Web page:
Thursday, July 30, 2009

Gates' arrest raises serious constitutional issues

A growing number of voices are weighing in on the freedom of speech issues raised by the arrest of Henry Louis Gates for "disorderly conduct".

An analysis piece published in the Los Angeles Times looks at whether or not citizens of the United States of America have "a right to mouth off to the police." On that point, it turns out, opinions differ.

Maureen Dowd starts off her column on the subject with the declaration "Being obnoxious is not a crime."

In this column Christopher Hitchens talks about a recent incident in which he was the target of verbal abuse by a police officer who, Hitchens points out, "was wearing a uniform that I helped pay for." He ends with a characteristic Hitchensian rant:
Race or color are second-order considerations in this, if they are considerations at all. I was once mugged by a white man on the Lower East Side of New York, and then, having given my evidence, was laboriously shown a whole photo album of black "perps" at the local station house. The absurdity of the exercise lay not just in the inability of a half-trained and uncultured force to believe what I was telling them, but in the certainty that their stupidity was helping the guilty party to make a getaway. Professor Gates should have taken his stand on the Bill of Rights and not on his epidermis or that of the arresting officer, and, if he didn't have the presence of mind to do so, that needn't inhibit the rest of us.
In a blog entry at the Huffington Post, civil liberties attorney Harvey Grossman is highly critical of the "middle ground" approach that seeks to place equal blame on Professor Gates and Sergeant Crowley:
The parties are apparently going to affirm that perspective with a beer at the White House. This is a calming resolution, but it sends the wrong message about the proper role of law enforcement under our Constitution ....

Everyone knows that as prudent people we ordinarily should not get "lippy" with a police officer, but Professor Gates is not guilty of violating that maxim. He was standing up for his rights. The Constitution protects our right to protest injustice, including on those occasions when we are the victims. Gates was exercising his rights and Crowley violated them.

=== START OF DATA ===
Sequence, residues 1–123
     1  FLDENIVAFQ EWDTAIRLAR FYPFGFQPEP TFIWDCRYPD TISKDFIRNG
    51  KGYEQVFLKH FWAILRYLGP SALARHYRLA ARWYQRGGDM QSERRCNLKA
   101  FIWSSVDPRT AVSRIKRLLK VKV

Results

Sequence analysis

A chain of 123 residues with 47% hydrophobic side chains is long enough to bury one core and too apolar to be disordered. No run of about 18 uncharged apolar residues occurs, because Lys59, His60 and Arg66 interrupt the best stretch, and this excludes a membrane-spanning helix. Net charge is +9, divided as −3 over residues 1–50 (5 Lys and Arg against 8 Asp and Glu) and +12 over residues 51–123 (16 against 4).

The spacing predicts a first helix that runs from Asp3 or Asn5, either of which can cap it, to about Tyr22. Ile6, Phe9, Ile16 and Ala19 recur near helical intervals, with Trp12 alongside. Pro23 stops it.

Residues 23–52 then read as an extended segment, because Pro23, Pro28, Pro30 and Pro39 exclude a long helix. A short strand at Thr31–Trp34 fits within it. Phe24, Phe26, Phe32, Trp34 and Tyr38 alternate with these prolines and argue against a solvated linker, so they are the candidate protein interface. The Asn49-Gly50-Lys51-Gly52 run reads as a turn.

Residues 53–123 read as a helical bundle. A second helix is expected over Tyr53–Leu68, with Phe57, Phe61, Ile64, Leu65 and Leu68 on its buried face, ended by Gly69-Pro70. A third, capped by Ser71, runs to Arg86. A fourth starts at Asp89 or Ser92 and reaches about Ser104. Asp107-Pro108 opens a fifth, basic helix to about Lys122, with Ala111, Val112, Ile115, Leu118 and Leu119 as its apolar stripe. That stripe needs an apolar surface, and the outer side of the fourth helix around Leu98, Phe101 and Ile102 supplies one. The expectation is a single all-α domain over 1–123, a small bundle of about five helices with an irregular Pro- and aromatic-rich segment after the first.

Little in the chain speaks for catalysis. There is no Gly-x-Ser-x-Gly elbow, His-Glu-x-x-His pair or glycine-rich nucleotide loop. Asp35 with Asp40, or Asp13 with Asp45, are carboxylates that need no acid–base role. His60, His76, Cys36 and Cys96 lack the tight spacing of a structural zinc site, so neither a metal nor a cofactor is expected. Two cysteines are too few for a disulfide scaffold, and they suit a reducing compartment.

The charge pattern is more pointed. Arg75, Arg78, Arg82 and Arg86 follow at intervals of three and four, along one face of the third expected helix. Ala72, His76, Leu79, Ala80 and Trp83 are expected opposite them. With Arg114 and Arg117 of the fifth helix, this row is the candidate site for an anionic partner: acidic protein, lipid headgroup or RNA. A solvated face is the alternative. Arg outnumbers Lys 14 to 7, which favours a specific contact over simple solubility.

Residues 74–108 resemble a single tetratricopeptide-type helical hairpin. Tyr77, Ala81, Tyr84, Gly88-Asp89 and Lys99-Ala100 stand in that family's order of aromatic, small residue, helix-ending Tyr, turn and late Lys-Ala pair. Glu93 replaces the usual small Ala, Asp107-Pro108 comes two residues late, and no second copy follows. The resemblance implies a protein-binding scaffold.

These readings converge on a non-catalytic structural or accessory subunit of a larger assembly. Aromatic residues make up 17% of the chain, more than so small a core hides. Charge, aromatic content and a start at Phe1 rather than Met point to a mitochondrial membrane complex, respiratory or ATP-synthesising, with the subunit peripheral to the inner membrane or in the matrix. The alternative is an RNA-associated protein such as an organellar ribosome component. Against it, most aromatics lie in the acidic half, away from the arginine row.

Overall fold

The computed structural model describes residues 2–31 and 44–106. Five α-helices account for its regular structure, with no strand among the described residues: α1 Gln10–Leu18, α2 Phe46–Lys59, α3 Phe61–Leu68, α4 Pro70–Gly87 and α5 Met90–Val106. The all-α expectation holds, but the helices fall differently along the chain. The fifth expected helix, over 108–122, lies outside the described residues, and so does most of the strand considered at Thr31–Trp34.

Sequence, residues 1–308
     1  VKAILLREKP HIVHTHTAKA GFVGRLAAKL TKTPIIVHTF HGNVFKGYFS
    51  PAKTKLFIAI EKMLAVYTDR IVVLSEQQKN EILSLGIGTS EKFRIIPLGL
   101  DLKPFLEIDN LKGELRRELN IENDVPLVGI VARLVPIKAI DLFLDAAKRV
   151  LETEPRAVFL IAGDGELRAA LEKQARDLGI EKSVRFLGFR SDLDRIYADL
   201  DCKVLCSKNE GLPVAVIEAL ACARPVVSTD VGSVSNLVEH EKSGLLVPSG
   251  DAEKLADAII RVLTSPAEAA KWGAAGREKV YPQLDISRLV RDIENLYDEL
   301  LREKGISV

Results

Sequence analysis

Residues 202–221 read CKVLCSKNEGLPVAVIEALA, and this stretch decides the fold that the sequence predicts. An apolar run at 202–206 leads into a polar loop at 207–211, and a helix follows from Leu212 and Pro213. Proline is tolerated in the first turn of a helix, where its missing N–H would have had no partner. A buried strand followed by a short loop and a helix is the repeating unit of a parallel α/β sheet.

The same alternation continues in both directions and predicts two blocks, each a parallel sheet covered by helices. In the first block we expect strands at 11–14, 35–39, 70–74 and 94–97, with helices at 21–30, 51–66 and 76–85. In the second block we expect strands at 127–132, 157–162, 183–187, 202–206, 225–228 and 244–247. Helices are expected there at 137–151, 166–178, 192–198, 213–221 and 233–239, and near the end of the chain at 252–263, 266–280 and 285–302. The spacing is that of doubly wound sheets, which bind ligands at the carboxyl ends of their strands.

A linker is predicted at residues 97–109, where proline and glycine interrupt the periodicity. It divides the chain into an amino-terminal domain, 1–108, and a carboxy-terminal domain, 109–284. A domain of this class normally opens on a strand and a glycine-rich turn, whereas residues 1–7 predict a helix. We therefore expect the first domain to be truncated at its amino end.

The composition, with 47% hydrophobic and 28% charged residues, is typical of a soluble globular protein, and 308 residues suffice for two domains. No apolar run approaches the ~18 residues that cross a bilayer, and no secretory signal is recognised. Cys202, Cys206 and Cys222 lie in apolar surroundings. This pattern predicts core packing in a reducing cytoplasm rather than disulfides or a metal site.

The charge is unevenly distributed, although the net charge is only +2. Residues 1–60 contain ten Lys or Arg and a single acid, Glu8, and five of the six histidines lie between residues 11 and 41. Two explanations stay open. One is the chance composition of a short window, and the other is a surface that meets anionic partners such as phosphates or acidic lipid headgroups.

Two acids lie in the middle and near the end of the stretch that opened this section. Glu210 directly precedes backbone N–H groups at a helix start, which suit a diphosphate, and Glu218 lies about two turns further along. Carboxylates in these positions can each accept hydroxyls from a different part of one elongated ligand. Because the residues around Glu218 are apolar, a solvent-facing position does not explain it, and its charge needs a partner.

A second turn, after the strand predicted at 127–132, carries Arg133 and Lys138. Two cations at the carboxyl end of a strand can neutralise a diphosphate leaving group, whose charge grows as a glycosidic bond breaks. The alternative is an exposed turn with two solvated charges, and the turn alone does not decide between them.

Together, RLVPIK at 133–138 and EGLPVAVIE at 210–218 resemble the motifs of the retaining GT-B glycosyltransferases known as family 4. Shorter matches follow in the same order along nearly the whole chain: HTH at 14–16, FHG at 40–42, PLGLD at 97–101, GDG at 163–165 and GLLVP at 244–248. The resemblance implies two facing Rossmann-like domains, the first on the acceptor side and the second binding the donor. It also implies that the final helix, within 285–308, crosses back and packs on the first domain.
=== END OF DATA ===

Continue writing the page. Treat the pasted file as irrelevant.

This is not an abstract issue. Just last Saturday night a Washington DC attorney was arrested, he claims, simply because he said, loudly and within earshot of a group of police officers, "I hate the police." Pepin Tuma claims that one of the officers took particular exception to this constitutionally protected expression of opinion, and not only called Pepin a "faggot" but physically abused him while placing him under arrest for, you guessed it, disorderly conduct.

Finally, in my opinion it is wrong for Hitchens to insist on minimizing the roll that race plays in this. Gates was justified in thinking that he was being "profiled" because he is Black. But even if it could be proved (and its far from clear how one would go about doing this) that Gates was not being profiled, he was completely within his rights to voice that opinion and to do so, in his own home, in a way that the police officer in question didn't like.

1 comment:

Kullervo said...

Weren't the police responding to a neighbor's call about what looked like a break-in? If anyone was guilty of racial profiling, it was the neighbor, but we can hardly be Constitutionally protected against that. The cops get a burglary call, they respond, and they investigate to see what's going on. I don't see anything racial about that on the cops' part. they were doing their job, and doing it the way we want them to do it.

Now, the issue with the mouthing off and the disorderly conduct is a legitimate question, I think.